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Good to Go Blog

At St. John's, good knows no bounds. It's greater than great academics. Here are snapshots of what it means at the Prep. Something amazing happens when you're open to good!


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Chyanne SmithMiddle School science teacher Chyanne Smith is a big fan of her department’s curriculum, which takes its cues from the Smithsonian Institute’s Science and Technology Concepts program. The learning framework is designed to align with Next Generation Science Standards, whereby science and engineering practices, teachable core ideas, and crosscutting concepts are integrated in every lesson. Good stuff all around, to be sure.

As she wrapped up her first year of teaching at the Middle School last spring, however, Smith experienced a flash of insight: To take the student experience to higher heights, she and her colleagues would need three different textbooks to truly deliver upon the Smithsonian’s hands-on-execution foundation. Alternatively, she could write her own.

One semester (and one very busy summer later), Smith’s textbook—produced in iBooks Author with some advice from the EdTech staff at the Prep—is a core component of the grade six course of study.

“My vision of the end product was powerful enough to see that it would be worth it,” says Smith. “Having taught the class, I loved the flexibility of taking core content and enriching it to highlight the things that are really important.”

The result is a 36-page, interactive textbook complete with embedded video, clickable images and graphical interfaces that, for example, email students the results of a Google Forms quiz they take at the end of each section. Smith’s book encompasses the first of three units for students of her grade level. A customized text for unit two is in progress and the third will follow. Colleagues Tim Creamer and Louise Nelson, who also teach the class, offered input to the final edit.

The plan moving forward is to generate new editions before every school year. Tops on Smith’s wish list is to add interactive graphical labs as well as video instruction of lab setups.

POWERFUL EXAMPLES of a customized learning experience for Prep students are thriving at the High School as well.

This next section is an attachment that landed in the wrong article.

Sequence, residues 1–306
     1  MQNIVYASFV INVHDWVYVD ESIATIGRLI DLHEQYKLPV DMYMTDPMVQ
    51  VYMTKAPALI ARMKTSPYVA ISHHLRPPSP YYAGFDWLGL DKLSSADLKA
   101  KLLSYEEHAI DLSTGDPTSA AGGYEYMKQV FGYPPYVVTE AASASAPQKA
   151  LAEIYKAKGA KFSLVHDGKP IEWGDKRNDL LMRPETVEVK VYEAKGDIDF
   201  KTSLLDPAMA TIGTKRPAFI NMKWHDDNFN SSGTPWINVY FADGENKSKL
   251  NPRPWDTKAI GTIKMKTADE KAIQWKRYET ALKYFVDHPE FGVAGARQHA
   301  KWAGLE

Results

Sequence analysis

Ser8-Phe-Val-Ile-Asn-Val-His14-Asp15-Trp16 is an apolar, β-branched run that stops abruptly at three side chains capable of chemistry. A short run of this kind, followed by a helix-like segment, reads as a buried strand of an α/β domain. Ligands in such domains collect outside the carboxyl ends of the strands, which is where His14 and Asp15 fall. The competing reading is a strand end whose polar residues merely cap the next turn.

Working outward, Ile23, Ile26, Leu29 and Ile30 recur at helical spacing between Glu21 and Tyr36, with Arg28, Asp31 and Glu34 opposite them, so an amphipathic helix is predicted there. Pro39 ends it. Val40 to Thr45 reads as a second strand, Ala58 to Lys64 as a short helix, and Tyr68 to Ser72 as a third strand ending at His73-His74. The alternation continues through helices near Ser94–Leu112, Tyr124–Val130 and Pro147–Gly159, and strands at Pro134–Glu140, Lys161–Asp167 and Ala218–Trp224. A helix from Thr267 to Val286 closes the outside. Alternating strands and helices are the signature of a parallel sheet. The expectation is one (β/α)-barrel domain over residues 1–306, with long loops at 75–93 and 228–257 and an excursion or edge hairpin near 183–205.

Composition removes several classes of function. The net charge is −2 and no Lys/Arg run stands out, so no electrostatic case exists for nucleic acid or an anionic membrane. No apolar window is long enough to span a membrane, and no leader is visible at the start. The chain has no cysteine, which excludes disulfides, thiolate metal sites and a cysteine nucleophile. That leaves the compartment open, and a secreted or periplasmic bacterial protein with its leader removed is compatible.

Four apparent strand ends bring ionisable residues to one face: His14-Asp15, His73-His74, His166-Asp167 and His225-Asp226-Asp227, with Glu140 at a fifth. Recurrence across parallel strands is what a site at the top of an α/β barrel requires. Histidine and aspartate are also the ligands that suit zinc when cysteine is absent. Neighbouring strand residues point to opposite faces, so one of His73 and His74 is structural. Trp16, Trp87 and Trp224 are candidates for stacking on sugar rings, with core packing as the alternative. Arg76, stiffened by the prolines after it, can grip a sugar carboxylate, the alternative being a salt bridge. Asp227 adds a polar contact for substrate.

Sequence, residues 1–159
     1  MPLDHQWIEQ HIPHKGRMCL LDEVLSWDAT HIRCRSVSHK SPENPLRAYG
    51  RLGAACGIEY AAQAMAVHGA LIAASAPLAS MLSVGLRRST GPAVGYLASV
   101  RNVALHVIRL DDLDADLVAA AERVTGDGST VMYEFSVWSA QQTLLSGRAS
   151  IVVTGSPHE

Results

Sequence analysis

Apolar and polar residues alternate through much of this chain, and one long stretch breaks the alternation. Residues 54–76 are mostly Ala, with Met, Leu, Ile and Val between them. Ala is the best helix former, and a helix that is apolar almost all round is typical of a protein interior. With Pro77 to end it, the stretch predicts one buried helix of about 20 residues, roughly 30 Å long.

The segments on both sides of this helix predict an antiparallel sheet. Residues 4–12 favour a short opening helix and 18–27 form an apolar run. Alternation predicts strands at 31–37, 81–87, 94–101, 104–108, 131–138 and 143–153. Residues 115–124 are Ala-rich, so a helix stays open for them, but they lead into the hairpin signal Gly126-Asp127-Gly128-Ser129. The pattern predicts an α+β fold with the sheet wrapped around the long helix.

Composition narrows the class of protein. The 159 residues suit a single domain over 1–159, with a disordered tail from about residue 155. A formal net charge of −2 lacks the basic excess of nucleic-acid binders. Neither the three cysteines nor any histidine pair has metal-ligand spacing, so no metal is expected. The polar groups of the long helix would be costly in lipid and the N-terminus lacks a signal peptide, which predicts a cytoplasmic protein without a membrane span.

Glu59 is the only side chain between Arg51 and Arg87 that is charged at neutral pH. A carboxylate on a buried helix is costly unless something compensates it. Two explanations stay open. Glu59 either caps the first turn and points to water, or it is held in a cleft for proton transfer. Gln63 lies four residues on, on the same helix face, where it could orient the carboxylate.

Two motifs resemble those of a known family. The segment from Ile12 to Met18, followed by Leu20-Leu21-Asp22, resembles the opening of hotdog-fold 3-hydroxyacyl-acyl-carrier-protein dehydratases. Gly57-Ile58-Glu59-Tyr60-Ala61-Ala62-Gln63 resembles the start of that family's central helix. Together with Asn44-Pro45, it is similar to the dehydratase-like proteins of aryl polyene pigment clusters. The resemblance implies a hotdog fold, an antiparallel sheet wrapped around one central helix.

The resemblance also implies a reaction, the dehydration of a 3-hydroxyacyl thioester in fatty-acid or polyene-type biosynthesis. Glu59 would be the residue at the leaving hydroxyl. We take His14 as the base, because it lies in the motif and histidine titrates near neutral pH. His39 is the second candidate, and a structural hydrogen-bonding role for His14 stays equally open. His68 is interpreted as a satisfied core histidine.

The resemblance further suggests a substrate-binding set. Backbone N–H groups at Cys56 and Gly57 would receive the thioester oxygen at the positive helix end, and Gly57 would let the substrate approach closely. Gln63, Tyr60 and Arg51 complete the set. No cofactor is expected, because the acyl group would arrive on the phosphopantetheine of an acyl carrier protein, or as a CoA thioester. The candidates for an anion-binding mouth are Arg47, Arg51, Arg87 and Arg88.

PHYSICS: “One of the great joys of teaching here that we have the support and creative flexibility to meet the needs of our students in the most effective way we can,” says St. John’s Science Department Chair Gary Smith, who believes customized materials enhance the student experience in three important ways:

  • First, Prep teachers can produce original content that dovetails with students’ pencil-and-paper lab experience, amplifying their ability to acquire problem-solving skills.
  • Second, teachers can put the science that they’re teaching into a real-world context, using the connectivity of the iPad so students can work with key information, but also understand the methodology behind its collection.
  • Finally, customization enables teachers to address student misconceptions in a broadly supportive manner. “Over time, we’ve built up a library of tutorials called ‘helpful Eagles’ that outlines new material, coaches students in our methods, and maximizes actual lab time in the classroom,” says Smith. Adds junior Will Poulin, “I think the physics curriculum allows teachers to easily convey the material because they created it themselves, rather than just handing out a universal, online printed copy. The videos that go along with many of the digital worksheets are helpful because it’s your own teacher speaking in both the video and writing the questions."

COMPUTER SCIENCE: Since 2014, the St. John’s Computer Science Department has harvested online units from a course developed at the University of Texas, and augmented it with supplemental materials selected by Prep teachers. “Computer Science has a strong tradition as a discipline of open source instructional materials,” says Department Chair Bernie Gilmore. “As a department, we also use Apple's free, open-sourced curriculum for our iOS class, which uses Apple Swift language and a textbook and materials all provided free with rights to alter and use the material as teachers see fit.” Given the latitude to customize and adapt material from the people who know the most about programming in Swift for iOS, Prep computer science teachers have seen extraordinary benefits to the student experience.

LATIN: In order to complete the AP Latin syllabus, students at St. John’s must read and analyze large segments of Latin text at a rapid pace. To facilitate this task, Ms. Elizabeth Solomon has developed a customized digital text that she updates every year to provide students with the grammatical support and cues they need to read the words of Vergil and Caesar with fluency. “Although this digitized text does not provide easy answers, it’s formatted and color-coded in order to steer students away from common pitfalls that can hamper their ability to translate,” she says.

“Customization for the benefit of the students creates a more energized learning experience,” says Mark McManmon, the assistant principal for academics, grades 11 and 12. “This approach gives teachers every opportunity to revise and update their materials to reflect changes in the field of study as well as feedback from the students. It is teachers—not an inanimate commercial textbook—who know which topics should be paired together or scaffolded in the just the right way for the benefit of the students in front of them.”

Posted by Mr. Chad Konecky in Inspired Academics on Friday February, 16

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